The Restless Ones
Dr. Joe Temple


Open your Bibles, please, to the book of Isaiah. We will notice together chapter 62. I would like to encourage you to use your Bibles so that you can follow along with us in the reading of the Word of God.

May I remind you that we have been studying the book of Isaiah, chapter by chapter, verse by verse, and we have come to the last section of the book. It is a section of comfort; it is a section of victory. God has been promising victory for His people, and now, as we are approaching the end of the studies, we find God hastening on to the consummation of the age, because He is not willing to tarry any longer.

I would like to emphasize something that we need to emphasize from time to time, and that is that we are interpreting the book of Isaiah from a literal standpoint. By that, we mean that if the book of Isaiah is speaking about Israel, then we believe that it is speaking about Israel. If the book of Isaiah is speaking of the coming of the Lord Jesus Christ, then we believe that is a literal coming. If it is speaking about the restoration of Zion, the city of Jerusalem, we believe that it is talking about the literal, earthly Jerusalem and not some symbolic thing.

You understand that there are figures of speech in the book of Isaiah. There are metaphors; there are parables; there are illustrations. We see them as we recognize the Messiah, but we do not belong to that school of biblical interpretation which spiritualizes the Old Testament. We believe it means exactly what it says.

We are going to read chapter 62 of the book of Isaiah, noticing God speaking:

Isaiah 62

1For Zion's sake will I not hold my peace, and for Jerusalem's sake I will not rest, until the righteousness thereof go forth as brightness, and the salvation thereof as a lamp that burneth.
2And the Gentiles shall see thy righteousness, and all kings thy glory: and thou shalt be called by a new name, which the mouth of the LORD shall name.
3Thou shalt also be a crown of glory in the hand of the LORD, and a royal diadem in the hand of thy God.
4Thou shalt no more be termed Forsaken; neither shall thy land any more be termed Desolate: but thou shalt be called Hephzibah, and thy land Beulah: for the LORD delighteth in thee, and thy land shall be married.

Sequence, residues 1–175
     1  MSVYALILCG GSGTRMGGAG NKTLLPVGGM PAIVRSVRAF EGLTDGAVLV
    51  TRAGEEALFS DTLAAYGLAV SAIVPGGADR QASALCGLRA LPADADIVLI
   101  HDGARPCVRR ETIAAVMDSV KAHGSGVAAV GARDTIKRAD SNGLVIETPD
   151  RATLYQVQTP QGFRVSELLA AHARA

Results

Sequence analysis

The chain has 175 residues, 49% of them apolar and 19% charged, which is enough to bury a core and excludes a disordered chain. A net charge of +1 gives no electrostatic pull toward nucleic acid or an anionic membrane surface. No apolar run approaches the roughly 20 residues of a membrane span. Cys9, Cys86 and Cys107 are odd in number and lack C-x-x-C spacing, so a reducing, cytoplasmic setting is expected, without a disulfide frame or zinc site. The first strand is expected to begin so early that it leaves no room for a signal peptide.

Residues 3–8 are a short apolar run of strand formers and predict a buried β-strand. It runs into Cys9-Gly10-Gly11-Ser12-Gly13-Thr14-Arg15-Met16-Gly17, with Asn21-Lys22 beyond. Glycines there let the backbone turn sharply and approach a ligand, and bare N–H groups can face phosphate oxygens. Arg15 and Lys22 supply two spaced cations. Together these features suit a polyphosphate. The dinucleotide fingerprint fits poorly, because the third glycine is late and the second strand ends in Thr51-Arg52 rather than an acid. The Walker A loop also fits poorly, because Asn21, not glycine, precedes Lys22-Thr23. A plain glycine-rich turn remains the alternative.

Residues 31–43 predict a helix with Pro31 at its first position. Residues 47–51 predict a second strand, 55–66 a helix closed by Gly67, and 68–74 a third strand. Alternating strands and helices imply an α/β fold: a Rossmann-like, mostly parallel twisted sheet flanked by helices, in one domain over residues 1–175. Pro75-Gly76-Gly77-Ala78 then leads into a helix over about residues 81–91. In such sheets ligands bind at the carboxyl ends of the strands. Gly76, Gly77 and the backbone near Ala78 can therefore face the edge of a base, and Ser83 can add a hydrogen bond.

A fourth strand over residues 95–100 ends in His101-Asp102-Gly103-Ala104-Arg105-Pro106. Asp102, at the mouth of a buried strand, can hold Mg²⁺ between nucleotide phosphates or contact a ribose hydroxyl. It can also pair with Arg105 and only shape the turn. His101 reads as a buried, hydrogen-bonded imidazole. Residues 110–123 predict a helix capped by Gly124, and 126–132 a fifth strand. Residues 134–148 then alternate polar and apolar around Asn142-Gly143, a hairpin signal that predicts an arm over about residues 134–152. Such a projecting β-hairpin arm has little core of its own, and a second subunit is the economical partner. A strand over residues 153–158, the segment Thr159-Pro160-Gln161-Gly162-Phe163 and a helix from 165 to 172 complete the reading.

5For as a young man marrieth a virgin, so shall thy sons marry thee: and as the bridegroom rejoiceth over the bride, so shall thy God rejoice over thee.

A new paragraph begins with verse 6, when God says that He has set watchmen over the house of Israel, and He addresses them in the succeeding verses. Watch for that as we read:

Isaiah 62

6I have set watchmen upon thy walls, O Jerusalem, which shall never hold their peace day nor night: [then He addresses those watchmen and says] ye that make mention of the LORD, keep not silence,
7And give him no rest, till he establish, and till he make Jerusalem a praise in the earth.
8The LORD hath sworn by his right hand, and by the arm of his strength, Surely I will no more give thy corn to be meat for thine enemies; and the sons of the stranger shall not drink thy wine, for the which thou hast laboured:
9But they that have gathered it shall eat it, and praise the LORD; and they that have brought it together shall drink it in the courts of my holiness.

We will stop there, recognizing that with verse 10 a new paragraph begins in which God addresses all of His people who are looking for the restoration of the city of Jerusalem and the regathering of God's chosen people. To them He says:

Isaiah 62

10Go through, go through the gates; prepare ye the way of the people; cast up, cast up the highway; gather out the stones; lift up a standard for the people.
11Behold, the LORD hath proclaimed unto the end of the world, Say ye to the daughter of Zion, Behold, thy salvation cometh; behold, his reward is with him, and his work before him.